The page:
General Editing

Film editing is a highly evolved and intrinsic element of postproduction. The film editor must creatively work with the story, narrative, dialogue, music, performances, and more to craft a cohesive whole. Often referred to as the "invisible art", the way in which a film is edited can completely change how a viewer perceives what they are seeing.  What the viewer feels affects how they interact with the overall narrative of the film.  Skillful editing can make bad production look good and bad editing can turn a good production into mediocre or even bad.

The average Hollywood feature film often contains between 1000 and 2000 shots.  Each of these shots must be edited together using devices including standard cuts, cross-cuts, jump-cuts, fades, wipes, dissolves and post-produced effects to simulate camera moves including pushes, pulls, zooms and pans.  Hundreds of creative decisions such as these can dramatically affect the look and the feel of a film, and contribute significantly to what we intuitively recognize as a film’s rhythm.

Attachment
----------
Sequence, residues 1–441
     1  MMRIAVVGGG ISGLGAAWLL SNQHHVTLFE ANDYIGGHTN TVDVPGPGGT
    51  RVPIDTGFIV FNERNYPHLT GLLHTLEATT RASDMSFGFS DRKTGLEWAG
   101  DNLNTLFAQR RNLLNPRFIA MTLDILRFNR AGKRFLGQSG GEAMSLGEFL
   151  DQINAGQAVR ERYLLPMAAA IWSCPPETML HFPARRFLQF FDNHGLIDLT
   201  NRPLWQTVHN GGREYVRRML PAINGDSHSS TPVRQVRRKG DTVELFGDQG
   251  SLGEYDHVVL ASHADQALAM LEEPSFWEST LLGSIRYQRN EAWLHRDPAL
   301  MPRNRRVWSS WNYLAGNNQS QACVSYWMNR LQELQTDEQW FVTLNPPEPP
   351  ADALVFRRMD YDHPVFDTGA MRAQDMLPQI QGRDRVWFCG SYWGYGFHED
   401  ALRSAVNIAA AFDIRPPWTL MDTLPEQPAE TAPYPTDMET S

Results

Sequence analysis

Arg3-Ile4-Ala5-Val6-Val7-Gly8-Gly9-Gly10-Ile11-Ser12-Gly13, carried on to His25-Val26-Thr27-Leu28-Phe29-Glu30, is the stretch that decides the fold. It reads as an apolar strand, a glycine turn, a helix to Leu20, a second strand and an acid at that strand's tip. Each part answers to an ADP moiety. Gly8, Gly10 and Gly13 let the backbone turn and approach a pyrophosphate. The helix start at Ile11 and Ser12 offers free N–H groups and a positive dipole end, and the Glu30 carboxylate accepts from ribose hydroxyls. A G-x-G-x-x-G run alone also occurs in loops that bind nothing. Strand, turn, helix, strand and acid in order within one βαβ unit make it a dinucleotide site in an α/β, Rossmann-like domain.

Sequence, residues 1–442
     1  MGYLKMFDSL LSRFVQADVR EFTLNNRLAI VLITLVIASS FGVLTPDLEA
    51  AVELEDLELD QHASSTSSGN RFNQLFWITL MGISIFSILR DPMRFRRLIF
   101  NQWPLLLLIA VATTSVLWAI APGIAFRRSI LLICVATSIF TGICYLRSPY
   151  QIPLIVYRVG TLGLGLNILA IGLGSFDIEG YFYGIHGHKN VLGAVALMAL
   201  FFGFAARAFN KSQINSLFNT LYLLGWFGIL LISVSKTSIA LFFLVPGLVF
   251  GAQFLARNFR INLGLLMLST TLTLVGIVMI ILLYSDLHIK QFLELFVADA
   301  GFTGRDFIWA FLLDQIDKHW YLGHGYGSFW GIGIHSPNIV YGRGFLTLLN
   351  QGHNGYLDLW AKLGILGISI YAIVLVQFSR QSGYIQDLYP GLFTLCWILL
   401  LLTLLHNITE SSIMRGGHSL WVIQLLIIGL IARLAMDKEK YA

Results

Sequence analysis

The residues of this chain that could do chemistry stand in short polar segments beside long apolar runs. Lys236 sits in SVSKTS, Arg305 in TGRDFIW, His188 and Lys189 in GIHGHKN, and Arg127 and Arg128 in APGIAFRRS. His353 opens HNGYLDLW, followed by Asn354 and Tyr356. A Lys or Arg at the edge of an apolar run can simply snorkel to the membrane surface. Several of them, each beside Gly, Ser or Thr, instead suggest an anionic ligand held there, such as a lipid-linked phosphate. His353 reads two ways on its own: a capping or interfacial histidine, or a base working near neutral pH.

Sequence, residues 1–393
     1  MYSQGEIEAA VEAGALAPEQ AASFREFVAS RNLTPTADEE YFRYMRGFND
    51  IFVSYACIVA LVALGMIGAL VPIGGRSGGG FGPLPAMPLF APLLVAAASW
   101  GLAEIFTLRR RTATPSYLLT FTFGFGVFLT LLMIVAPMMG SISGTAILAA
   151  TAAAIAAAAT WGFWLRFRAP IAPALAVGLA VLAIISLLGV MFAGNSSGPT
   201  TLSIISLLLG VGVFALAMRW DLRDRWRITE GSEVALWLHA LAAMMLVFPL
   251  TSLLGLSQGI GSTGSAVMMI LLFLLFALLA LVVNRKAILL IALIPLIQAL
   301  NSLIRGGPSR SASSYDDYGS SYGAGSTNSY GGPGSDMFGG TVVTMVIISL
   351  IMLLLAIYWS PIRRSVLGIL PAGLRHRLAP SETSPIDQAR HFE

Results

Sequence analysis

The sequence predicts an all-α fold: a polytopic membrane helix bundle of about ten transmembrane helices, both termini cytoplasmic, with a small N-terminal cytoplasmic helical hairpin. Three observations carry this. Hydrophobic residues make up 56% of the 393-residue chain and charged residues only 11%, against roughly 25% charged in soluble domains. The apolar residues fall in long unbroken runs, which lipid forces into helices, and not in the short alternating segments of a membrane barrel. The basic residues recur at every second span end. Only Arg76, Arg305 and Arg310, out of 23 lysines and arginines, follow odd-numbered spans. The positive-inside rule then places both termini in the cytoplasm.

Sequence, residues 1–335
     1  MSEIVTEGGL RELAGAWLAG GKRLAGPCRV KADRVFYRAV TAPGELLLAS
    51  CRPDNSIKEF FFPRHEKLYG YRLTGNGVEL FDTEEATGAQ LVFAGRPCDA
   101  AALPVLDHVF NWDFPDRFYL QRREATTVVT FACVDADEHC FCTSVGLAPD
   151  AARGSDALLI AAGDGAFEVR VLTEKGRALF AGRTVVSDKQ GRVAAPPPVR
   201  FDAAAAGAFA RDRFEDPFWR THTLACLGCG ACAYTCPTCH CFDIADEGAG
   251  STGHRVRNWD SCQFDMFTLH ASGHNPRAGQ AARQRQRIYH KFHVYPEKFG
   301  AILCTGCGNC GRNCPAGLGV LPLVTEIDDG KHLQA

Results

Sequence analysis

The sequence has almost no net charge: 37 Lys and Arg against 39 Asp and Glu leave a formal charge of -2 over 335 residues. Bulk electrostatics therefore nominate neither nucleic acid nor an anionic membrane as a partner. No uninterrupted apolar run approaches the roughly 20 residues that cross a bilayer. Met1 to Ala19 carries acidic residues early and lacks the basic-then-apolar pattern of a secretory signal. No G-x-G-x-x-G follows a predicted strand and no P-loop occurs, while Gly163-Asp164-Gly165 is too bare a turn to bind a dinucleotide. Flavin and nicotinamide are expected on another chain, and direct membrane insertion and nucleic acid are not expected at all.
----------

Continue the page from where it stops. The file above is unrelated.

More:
Basic Editing

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Stray Trailer

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Never Alone Title

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A pre-title action sequence is revealed to be a movie being shot.  As the camera pulled back, the director’s intention was to fade the static title over the action.   We suggested he restrict the viewer's horizontal field of vision during the camera pull to create the illusion of a larger film production/crew  for the movie within a movie.  We created the computer-rendered title animation, and alpha composited the animation over the live video footage into a single, final image to achieve this animated title effect.

Post-Produced Camera Moves

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Resignation (Short Film)

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This short film was shot on 16mm and then telecine transferred for editing.  After the edit and post-production process, a cut list for the film was prepared for the assembly of a print for standard 35mm projection.